Home / Crime / Digital identities demand a digital infrastructure

Digital identities demand a digital infrastructure

Having talked about RBS yesterday, I’m just returning to my other theme of the week: rip out and replace.

I guess it’s interesting that it is a complex situation as I was sitting yesterday talking about KYC, Know Your Client, once more and argued that for a digital age we need digital identities.

This is a way off if you look at the state of KYC.

Today, you have anti-money laundering  (AML) rules that demand proof of identity by showing a passport and utility bills to check address and personage in most countries.  Northern Europe is the exception as the Nordic markets have seen governments and banks working together to promote digital identities (as far as I know, the only place apart from some parts of Asia that has done this).

So I’m sitting arguing about core systems being designed for an era of mag tape and punch card and what I get in return is: “you don’t know how complex this is Chris”.

Take KYC.

We need documentation and signature to prove identity for AML.

We need to then check the identity with global systems to check that the individual is not a Politically Exposed Person (PEP).

We also need to see links between the individual and their company, employment, investments and others, as there may be layers of interlinkage between accounts (think about an account in Switzerland).

Then there is the individual and the company.

An individual may be in charge of multinational and national holding companies, creating an interleaving of tax avoidance that is difficult to unravel and equally complicates the equation (think Robert Maxwell multiplied 1,000 times in complexity).

So what you end up with is this challenge of taking the individual and company account holdings and trying to ensure that there are no exposures here.

As a result of these complexities, banks take simple black and white views, with some ejecting customers generally and others specifically.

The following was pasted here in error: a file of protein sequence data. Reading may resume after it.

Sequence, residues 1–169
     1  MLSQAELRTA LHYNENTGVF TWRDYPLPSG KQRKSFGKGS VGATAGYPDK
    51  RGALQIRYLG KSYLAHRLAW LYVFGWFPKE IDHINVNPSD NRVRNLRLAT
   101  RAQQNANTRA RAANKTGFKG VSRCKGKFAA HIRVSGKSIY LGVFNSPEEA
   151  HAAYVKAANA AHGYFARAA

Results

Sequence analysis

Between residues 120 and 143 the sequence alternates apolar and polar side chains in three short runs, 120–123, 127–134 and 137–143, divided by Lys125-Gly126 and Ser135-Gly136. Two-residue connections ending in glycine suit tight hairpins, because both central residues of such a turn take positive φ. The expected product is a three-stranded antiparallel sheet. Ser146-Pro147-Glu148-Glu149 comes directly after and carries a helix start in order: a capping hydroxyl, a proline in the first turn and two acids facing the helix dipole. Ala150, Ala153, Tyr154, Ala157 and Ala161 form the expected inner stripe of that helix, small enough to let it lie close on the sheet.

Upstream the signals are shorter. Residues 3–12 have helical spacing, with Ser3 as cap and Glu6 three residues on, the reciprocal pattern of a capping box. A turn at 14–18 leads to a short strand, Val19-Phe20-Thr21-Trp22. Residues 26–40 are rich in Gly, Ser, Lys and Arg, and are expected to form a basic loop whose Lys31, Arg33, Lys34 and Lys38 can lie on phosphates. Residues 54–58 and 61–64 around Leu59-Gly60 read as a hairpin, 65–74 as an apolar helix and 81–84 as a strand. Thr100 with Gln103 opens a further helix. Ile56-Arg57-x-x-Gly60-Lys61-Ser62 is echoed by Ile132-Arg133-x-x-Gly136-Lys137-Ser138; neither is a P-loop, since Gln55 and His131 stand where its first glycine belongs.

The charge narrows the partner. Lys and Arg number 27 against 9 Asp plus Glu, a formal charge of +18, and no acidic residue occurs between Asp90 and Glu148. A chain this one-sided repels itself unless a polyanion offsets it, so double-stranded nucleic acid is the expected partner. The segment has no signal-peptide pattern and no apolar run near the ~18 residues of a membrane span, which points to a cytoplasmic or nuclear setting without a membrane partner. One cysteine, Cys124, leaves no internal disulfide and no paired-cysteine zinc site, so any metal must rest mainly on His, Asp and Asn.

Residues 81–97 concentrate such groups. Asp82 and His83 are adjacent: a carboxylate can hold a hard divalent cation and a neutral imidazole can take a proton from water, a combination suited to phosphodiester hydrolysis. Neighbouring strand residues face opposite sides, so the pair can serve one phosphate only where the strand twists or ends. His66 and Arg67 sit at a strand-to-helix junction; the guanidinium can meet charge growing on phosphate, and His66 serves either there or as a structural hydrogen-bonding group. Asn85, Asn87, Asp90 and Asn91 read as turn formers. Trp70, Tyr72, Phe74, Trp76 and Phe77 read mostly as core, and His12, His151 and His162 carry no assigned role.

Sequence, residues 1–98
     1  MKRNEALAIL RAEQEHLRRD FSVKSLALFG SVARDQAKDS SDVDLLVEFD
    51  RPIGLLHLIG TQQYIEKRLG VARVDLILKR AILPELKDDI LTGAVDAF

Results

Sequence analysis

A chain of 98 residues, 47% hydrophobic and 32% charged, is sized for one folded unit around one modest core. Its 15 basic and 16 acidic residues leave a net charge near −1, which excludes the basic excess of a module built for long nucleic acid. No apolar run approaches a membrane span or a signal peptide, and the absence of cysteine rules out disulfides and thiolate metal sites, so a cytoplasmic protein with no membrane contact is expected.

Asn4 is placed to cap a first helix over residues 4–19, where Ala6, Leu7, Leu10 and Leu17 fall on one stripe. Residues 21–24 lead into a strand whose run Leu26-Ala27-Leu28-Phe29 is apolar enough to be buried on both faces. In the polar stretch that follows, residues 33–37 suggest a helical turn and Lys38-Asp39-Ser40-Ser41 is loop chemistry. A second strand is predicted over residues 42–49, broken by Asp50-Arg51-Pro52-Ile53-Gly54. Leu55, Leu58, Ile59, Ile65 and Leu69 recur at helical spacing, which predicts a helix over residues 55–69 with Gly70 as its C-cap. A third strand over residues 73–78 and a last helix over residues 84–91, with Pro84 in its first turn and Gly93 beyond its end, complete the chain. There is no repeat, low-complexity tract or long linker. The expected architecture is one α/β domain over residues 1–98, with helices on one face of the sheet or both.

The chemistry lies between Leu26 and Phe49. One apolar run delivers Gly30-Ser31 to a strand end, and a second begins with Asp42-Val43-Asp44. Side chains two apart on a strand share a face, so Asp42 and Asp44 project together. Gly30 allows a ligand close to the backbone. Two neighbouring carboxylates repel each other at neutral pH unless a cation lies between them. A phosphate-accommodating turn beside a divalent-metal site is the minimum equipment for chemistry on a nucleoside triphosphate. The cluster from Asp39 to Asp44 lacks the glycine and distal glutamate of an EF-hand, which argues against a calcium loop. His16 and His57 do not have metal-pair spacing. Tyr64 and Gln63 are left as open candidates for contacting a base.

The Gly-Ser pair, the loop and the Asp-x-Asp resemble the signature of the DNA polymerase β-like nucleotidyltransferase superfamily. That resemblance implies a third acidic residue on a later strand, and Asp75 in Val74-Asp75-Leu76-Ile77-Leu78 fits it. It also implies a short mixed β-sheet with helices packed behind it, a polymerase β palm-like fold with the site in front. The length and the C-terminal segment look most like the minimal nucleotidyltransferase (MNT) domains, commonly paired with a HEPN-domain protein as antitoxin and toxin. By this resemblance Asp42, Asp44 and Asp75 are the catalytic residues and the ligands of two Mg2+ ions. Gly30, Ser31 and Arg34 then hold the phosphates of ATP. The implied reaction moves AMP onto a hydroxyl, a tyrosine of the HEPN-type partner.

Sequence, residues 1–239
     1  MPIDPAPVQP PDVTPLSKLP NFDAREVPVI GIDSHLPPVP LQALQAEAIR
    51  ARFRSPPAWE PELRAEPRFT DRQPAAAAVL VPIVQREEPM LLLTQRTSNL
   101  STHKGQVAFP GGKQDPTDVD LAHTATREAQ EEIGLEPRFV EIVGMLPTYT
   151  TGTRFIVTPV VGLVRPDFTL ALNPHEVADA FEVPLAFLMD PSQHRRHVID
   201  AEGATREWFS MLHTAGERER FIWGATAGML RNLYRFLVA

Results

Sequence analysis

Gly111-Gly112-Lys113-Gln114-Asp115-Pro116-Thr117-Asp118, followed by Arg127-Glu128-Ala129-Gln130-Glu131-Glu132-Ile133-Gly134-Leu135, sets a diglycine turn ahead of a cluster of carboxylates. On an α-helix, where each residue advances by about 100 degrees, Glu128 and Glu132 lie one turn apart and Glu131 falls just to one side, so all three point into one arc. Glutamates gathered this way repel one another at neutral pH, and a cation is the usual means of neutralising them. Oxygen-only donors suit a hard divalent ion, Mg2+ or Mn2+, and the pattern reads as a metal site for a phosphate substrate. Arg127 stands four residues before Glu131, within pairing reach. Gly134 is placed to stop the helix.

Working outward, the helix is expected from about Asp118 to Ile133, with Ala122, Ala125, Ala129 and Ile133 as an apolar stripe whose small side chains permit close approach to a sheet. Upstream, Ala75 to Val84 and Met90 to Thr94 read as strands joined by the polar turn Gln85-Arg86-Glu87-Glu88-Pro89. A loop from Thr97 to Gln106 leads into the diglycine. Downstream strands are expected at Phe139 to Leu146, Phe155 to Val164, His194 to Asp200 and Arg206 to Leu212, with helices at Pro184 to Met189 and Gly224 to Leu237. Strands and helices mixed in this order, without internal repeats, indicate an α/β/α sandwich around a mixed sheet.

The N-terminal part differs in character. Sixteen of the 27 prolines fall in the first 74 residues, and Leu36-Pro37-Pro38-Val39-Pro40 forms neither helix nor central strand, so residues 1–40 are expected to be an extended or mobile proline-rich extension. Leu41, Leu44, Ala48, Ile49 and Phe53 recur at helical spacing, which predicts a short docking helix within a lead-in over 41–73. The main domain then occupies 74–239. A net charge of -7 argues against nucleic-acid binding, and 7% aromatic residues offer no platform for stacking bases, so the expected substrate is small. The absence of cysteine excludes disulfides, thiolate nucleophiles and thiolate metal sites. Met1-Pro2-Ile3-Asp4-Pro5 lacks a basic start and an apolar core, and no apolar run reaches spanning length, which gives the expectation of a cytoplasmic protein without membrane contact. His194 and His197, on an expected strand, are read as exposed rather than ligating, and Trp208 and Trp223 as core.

Take Barclays providing a blanket ban on money transfer agents that throws Somalia off the network to HSBC ejecting embassy accounts for potentially exposed countries worldwide.

So yes, this is complex.

Routing payments through multiple nested accounts via counterparties that are difficult to trust is complex.

It is the reason we have SWIFT offering cover payments and all these layers of Wolfsburg principles, AML and KYC.

But …

 

… but …

 

… but …

 

Surely all of this dialogue about passports and utility bills, declarations and signatories and KYC and AML is pushing a demand for a new digital infrastructure to cure all of this mess.

The mess has been built up over the years by  our punch card and magnetic tape based infrastructure restricting the sharing and routing of information.

In an age of big data, the fact that we don’t have this data is appalling.

The fact that we cannot even work out, in most cases, whether a customer holds a retail and a business account with our bank is appalling.

Being unable to work out whether someone is a PEP in real-time is appalling.

Surely this demands that we rip out and replace to be effective and appropriate for the 21st century.

Or maybe not.

Maybe I’m just naïve.

Meanwhile, we have 100 different solutions companies trying to solve the digital identity infrastructure challenge and not a single co-ordinated global initiative to solve it effectively.

This is the third in a three-part series on why our technology and infrastructure is unfit for purpose:

  1. A banking system designed for a USB stick
  2. If you think 'rip out and replace our systems' is naive … think again
  3. Our challenges with digital identity demand a digital infrastructure

This final piece also relates to an earlier three-part series on KYC:

  1. KYC, Laundering and Regulators: a Lose-Lose Situation
  2. Why is KYC so difficult?
  3. Why is KYC so difficult (part two)

 

About Chris M Skinner

Chris M Skinner

Chris Skinner is best known as an independent commentator on the financial markets through his blog, the Finanser.com, as author of the bestselling book Digital Bank, and Chair of the European networking forum the Financial Services Club. He has been voted one of the most influential people in banking by The Financial Brand (as well as one of the best blogs), a FinTech Titan (Next Bank), one of the Fintech Leaders you need to follow (City AM, Deluxe and Jax Finance), as well as one of the Top 40 most influential people in financial technology by the Wall Street Journal’s Financial News. To learn more click here…

Check Also

The best research into Open Banking

I’ve recently noted a number of reports about Open Banking, with many published recently due …